Bring sauce to simmer over medium heat. Simmer for 5 minutes. Transfer skillet to oven and broil until eggplant is well browned and cheese is heated through, 5 to 10 minutes. Sprinkle with remaining 1/4 cup Pecorino and let stand for 5 minutes. Sprinkle with remaining 1 tablespoon basil and serve.
The name of the dish is said to originate from the apocryphal exclamation by the Italian writer Nino Martoglio who, upon tasting the dish, exclaimed “This is a real ‘Norma‘!”, comparing it with the exceptional perfection of the Vincenzo Bellini opera Norma.
We obtained the recipe from Milk Street, but changed the penne pasta to gemelli, which gives a twist to the texture and captures more of the sauce in its curves. Feel free to use whatever pasta suits your fancy.
The eggplant is typically fried before being added to the sauce, but here it is roasted to concentrate the flavors and condense the porous texture. The eggplant is in the oven for about 30 minutes unattended, except for one toss; so use that time to prep the other ingredients, cook the pasta and simmer the tomatoes to make the sauce.
If you’ve never had ricotta salata, it is a firm cheese with a milky, salty flavor. Do not substitute fresh ricotta; a mild feta is a more appropriate substitute.
Don’t forget to reserve about ½ cup of the pasta cooking water before draining. You’ll need the starchy, salted liquid to help bring together the eggplant, pasta and sauce during the final simmer.
½ cup lightly packed fresh basil leaves, roughly chopped
2 oz. ricotta salata, shredded
Heat the oven to 475°F with a rack in the upper-middle position. Line a rimmed baking sheet with kitchen parchment.
In a large bowl, toss the eggplant with 1½ teaspoons salt and 4 tablespoons of the oil. Spread in a single layer on the prepared baking sheet and roast until browned and tender, 30 to 35 minutes, stirring once.
Meanwhile, in a large pot, bring 4 quarts of water to a boil. Stir in the pasta and 2 tablespoons salt; cook until the pasta is al dente. Reserve about ½ cup of the cooking water, then drain the pasta.
While the eggplant roasts and the water heats, in a 12-inch skillet over medium-high, heat the remaining 2 tablespoons oil until shimmering. Add the garlic and pepper flakes and cook, stirring, until fragrant, about 30 seconds.
Add the tomatoes and 1½ teaspoons salt, then cover and cook, occasionally shaking the pan, until the tomatoes begin to release their liquid, about 1 minute.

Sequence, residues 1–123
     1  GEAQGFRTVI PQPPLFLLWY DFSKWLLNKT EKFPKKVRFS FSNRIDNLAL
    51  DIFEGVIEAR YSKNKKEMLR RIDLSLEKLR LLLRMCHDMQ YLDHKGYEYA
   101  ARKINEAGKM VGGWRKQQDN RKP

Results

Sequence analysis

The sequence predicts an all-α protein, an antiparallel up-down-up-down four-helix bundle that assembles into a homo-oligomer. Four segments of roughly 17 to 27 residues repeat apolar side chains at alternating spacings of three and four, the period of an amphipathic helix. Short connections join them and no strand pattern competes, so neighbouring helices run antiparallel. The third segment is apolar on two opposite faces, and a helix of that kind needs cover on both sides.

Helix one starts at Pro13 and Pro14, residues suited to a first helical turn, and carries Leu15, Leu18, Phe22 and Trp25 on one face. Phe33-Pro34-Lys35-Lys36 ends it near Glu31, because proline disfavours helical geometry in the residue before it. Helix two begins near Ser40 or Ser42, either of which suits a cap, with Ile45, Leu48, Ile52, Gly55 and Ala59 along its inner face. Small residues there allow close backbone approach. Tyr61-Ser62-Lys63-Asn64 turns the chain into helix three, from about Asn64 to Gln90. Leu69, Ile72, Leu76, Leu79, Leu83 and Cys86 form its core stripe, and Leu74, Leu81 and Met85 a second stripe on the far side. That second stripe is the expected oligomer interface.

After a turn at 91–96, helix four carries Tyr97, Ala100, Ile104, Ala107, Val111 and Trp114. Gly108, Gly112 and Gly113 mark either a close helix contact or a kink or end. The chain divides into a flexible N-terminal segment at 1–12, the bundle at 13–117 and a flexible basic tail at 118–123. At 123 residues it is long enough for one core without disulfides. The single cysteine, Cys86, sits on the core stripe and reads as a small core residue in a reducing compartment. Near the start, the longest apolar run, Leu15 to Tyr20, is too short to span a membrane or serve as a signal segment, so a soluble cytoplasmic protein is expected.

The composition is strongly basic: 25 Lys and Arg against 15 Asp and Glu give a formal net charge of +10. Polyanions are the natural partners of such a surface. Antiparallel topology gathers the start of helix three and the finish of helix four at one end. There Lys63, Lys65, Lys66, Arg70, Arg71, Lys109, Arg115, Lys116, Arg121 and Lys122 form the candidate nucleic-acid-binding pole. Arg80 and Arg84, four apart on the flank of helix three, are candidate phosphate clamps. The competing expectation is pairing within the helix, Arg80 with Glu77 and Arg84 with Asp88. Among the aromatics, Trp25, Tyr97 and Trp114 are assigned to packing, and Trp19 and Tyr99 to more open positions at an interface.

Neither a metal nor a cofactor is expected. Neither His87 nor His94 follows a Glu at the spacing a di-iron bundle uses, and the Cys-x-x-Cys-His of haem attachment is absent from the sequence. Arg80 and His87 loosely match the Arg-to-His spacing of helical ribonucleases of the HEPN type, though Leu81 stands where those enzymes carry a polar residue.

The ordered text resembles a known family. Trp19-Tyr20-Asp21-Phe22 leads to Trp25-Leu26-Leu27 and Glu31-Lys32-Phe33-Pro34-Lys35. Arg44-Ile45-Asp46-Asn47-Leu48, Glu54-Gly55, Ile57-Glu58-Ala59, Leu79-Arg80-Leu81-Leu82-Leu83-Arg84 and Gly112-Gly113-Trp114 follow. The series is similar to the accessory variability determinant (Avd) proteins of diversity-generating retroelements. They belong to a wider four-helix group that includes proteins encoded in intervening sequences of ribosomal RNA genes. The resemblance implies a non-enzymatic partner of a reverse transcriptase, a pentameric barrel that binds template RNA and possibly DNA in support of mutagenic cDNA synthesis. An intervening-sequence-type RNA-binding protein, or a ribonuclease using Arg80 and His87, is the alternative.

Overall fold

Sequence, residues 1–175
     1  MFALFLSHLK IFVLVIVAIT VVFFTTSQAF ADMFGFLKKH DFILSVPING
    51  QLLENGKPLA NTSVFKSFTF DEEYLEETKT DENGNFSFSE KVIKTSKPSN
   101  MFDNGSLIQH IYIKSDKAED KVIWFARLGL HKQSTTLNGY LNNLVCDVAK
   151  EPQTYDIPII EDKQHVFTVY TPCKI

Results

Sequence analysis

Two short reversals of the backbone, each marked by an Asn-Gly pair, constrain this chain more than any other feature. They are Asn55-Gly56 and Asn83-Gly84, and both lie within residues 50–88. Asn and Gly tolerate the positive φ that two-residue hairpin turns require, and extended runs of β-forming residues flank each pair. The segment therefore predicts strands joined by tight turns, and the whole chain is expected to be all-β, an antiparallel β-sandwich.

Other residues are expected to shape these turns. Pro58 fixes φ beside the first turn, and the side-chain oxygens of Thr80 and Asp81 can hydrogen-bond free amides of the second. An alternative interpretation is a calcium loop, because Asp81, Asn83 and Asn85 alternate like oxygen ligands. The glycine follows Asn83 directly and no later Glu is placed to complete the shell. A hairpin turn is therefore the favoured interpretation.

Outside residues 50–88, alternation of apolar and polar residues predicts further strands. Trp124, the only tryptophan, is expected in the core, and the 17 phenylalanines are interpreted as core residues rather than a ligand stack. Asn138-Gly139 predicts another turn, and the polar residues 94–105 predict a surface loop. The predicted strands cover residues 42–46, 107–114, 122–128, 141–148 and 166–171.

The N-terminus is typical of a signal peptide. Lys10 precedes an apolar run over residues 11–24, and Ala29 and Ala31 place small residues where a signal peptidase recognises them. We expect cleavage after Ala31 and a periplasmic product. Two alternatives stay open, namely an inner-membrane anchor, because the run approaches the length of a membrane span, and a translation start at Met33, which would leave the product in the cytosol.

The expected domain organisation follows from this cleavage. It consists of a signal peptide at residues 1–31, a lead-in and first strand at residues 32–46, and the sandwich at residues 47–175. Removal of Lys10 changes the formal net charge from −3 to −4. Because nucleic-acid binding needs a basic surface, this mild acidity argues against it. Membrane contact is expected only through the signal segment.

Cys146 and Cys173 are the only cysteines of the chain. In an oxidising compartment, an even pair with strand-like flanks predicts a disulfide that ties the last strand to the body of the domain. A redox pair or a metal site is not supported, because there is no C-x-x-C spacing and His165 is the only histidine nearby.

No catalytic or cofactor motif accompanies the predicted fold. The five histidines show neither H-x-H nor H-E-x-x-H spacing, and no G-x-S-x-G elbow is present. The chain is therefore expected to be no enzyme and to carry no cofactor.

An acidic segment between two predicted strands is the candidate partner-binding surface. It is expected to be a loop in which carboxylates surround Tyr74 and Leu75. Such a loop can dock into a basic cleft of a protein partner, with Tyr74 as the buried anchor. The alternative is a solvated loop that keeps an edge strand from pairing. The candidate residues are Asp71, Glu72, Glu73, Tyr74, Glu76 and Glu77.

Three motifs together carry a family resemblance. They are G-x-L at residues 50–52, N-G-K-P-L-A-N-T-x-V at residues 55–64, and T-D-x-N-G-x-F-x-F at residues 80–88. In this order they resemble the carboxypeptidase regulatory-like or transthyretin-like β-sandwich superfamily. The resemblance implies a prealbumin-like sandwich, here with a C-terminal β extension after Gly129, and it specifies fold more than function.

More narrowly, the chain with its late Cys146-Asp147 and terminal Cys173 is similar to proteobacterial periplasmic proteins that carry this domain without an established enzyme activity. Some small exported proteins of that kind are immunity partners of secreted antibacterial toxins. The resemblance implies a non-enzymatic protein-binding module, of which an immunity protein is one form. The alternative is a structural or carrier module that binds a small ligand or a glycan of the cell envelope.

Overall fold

Stir in the vinegar, then use the back of a large spoon to crush the tomatoes. Cover, reduce to medium and cook, stirring, until the mixture breaks down into a lightly thickened sauce, 8 to 9 minutes.
Add the drained pasta, eggplant and ¼ cup of the reserved pasta water to the tomatoes. Cook over medium, stirring constantly, until the sauce begins to cling to the pasta, 2 to 3 minutes.
Taste and season with salt. Stir in half of the basil and transfer to a serving bowl. Sprinkle with the remaining basil and the ricotta salata.
This pasta dish, loosely based on a sausage and eggplant ragù from Sicily, is ideal for summer because it uses in-season tomatoes and eggplant. In addition, the pasta is cooked directly in the sauce so there’s no need to heat up the kitchen with another large pot of boiling water. And it was hot as blazes the night we made this for dinner.
Hot Italian sausage adds a little spiciness, but I know many of my peeps out there in foodland can’t tolerate much “heat” so go ahead and use sweet sausage if that’s your preference. However, to be frank, it was just mildly spicy even with the hot version. In fact, we doubled the amount of meat to almost a pound (8 ounces seemed rather paltry). No need for us to remove casings because we bought it in bulk, which is a time-saver if your local grocery store sells it that way.
Don’t stir the tomatoes more than just once or twice after adding them to the pot. Uncovering to stir releases heat and slows the rate at which the tomatoes burst and release their juices. However, do make sure to stir regularly after the pasta is added to prevent the starchy noodles from sticking to the pot.
The sauce came out nice and creamy, and with the extra meat—OK, and a few more tomatoes—there was definitely plenty of leftovers.
Cavatappi with Italian Sausage, Tomatoes and Eggplant
3 Tbsp. extra-virgin olive oil, plus more to serve
2 Pints cherry or grape tomatoes
1 Small red onion, finely chopped
Kosher salt and ground black pepper
8 Oz. hot Italian sausage, casings removed
1 Qt. water
1 Lb. eggplant, peeled and cut into ¾-inch cubes
1 Lb. cavatappi pasta; or campanelle or gemelli
¾ Tsp. grated nutmeg
1 Cup lightly packed fresh basil, torn if large
Finely grated parmesan or pecorino romano, to serve
In a large pot over medium-high, combine the oil, tomatoes, onion and 1½ teaspoons salt. Cover and cook, stirring only once or twice, until the tomatoes begin to burst, 5 to 7 minutes.
Add the sausage and cook, uncovered and using a wooden spoon to break up the meat and tomatoes, until the sausage is no longer pink, 2 to 3 minutes.
Stir in the eggplant. Add 1 quart water and bring to a boil. Stir in the cavatappi (or other pasta), nutmeg and ½ teaspoon pepper. Cover, reduce to medium and cook, stirring occasionally and maintaining a vigorous simmer, until the pasta is al dente, 10 to 12 minutes.
Taste and season with salt and pepper, then stir in the basil.
Serve drizzled with additional oil and sprinkled with cheese.